UN secretary general Ban Ki Moon has called the economic empowerment of women a “global imperative” for realising the sustainable development goals.
The UN’s high level panel for women’s financial independence has been running for almost a year, aiming to draw attention to the challenges faced by the most disadvantaged women, including discriminatory laws and the characteristics of informal work that limit opportunities.
A 2015 report from McKinsey found that if women in every country were to play an equal role to men up to $28trn would be added to the global economy by 2025.
In Nigeria in particular, the need to accelerate opportunities for women is more important than ever. Though it is Africa’s largest economy, the country slipped into recession in August for the first time in a decade. It is one of the most unequal countries in the world: more than 80 million people (64% of the population) are living below the poverty line.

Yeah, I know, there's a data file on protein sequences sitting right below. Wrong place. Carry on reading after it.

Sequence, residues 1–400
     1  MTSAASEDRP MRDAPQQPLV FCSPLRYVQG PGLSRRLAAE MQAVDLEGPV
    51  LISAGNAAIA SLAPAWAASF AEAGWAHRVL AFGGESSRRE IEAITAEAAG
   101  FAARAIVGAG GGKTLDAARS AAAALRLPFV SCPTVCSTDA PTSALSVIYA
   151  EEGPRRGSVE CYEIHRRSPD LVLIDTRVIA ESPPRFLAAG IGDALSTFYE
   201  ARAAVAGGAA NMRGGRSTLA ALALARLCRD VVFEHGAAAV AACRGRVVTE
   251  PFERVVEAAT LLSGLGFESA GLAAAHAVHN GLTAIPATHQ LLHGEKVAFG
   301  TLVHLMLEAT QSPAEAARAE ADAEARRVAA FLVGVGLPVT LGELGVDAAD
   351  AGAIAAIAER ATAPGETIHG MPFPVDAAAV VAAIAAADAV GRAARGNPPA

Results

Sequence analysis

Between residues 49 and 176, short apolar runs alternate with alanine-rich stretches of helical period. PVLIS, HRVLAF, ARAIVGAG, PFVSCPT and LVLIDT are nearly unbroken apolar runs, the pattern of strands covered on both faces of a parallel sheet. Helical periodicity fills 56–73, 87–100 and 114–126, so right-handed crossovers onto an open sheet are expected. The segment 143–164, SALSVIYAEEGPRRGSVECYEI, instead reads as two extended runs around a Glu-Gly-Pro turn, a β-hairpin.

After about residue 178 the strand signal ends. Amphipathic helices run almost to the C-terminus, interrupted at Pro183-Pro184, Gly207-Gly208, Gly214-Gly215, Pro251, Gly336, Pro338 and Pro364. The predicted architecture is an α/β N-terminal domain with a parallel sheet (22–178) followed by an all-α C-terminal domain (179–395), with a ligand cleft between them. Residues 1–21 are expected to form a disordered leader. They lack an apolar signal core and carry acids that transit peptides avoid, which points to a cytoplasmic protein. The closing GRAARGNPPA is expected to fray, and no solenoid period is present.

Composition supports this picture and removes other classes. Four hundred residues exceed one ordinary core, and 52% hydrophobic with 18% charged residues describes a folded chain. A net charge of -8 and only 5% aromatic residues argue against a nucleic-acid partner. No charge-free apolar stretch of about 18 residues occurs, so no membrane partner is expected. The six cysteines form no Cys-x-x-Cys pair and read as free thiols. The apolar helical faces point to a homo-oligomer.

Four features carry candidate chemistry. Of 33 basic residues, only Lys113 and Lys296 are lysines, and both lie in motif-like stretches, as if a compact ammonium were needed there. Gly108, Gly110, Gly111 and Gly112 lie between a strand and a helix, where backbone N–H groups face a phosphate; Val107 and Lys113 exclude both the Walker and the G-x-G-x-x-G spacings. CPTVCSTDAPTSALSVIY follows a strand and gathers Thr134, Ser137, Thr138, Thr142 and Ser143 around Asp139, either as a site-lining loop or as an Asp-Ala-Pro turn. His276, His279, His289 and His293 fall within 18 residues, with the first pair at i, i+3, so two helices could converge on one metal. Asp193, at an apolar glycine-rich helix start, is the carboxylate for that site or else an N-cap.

So what support can be offered to women to help Nigeria in its time of crisis, and accelerate the economy? How can we create greater equality and business opportunities in the country when most women are concentrated in casual, low-skilled work earning less than half that of men? And, President Muhammadu Buhari has been quoted as saying his wife “belongs in [his] kitchen” (and not in politics), so where does that leave the role of women in Nigeria?
Join an expert panel on Thursday 3 November, 2-3.30pm GMT, to discuss these questions and more.
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